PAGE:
Oiling Coal

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Richard S.
Posts: 12736
Joined: Fri. Oct. 01, 2004 8:35 pm
Stoker Coal Boiler: Van Wert VA1200
Coal Size/Type: Buckwheat/Anthracite
Location: NEPA

Post Mon. Oct. 29, 2007 8:39 am

I'd imagine that little bit of pam would wear off almost immediteley. I can see where the water would be of concern for the smaller stokers with the hopper on the side of the stove.

I've had people in the past request dry coal, if you get I off the pile and direct the guy loadinf it to skim the top you can get moslty dry coal. they only ordered like that once though. :lol:

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Posts: 8331
Joined: Sat. Feb. 10, 2007 9:48 pm
Stoker Coal Boiler: 1959 EFM 350
Hand Fed Coal Stove: Harman Magnafire Mark I
Baseburners & Antiques: Sears Signal Oak 15 & Andes Kitchen Range
Coal Size/Type: Rice and Chestnut
Other Heating: Fisher Fireplace Insert
Location: Stillwater, New Jersey

Post Mon. Oct. 29, 2007 8:44 am

spc wrote:The hand fired guys are going to love this, how about spraying a little Pam veggie oil in the hopper once in a while.
Are you feeding a stoker or baking muffins? :twisted:

The stoker manufacturers should take wet coal into account and manufacture the hoppers out of stainless steel. I know this would add to the cost of the stove, but in the long run it would be worth it.

I use the sprayer method when filling my coal scuttle, every few shovel fulls I add a few sprays of water.

The Blaschak coal on the top of the pile in the bin seems very clean, even after having been in the bin and drying out, as opposed to some other coal which I got dry, a lot more dust and fines.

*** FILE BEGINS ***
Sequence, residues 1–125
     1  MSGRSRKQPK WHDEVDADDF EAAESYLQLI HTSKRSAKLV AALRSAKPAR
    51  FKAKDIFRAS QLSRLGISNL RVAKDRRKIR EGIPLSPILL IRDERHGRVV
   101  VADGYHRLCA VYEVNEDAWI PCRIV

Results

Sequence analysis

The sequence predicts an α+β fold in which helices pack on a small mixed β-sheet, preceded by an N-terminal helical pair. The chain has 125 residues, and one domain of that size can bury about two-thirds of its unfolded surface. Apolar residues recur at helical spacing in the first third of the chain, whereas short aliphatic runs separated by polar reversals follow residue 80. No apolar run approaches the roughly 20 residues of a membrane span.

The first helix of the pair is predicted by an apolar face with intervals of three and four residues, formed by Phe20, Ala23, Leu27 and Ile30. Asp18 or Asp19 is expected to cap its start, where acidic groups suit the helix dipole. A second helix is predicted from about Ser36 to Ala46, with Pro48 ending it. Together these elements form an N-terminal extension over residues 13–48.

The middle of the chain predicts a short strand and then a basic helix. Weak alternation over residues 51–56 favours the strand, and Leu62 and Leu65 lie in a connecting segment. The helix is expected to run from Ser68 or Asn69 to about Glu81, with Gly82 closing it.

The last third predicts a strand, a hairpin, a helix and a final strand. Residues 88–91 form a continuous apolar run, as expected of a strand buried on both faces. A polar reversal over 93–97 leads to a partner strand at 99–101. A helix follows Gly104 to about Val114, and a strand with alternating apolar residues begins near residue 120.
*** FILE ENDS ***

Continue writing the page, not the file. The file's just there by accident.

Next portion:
Hand-Fires Greetings!

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Posts: 1285
Joined: Fri. Feb. 16, 2007 10:31 am
Stove/Furnace Make: EFM
Stove/Furnace Model: 520
Location: western ny

Post Mon. Oct. 29, 2007 1:49 pm

I bought bagged coal and it was just watered down a little bit, not dripping but not dry and no dust to really complain about. It doesn't appear to be drying out in the bags stacked in my basement. I know people that take used motor oil in coffee cans and throw it on a wood fire to stoke it up. Flames shoot into the air sometimes, sometimes it blows a puff of black smoke out the air damper, followed by a large blow-torch type flame! The more oil you use the longer the "simmer" time and the bigger the flame. Last time I visited that guy the door was off the stove so it mighta blowd off. Remember that this is in a concrete building with a 8" well casing for a stove pipe so no harm except maybe the environment. They sell waste oil furnaces so it can't be that bad to burn. :twisted:

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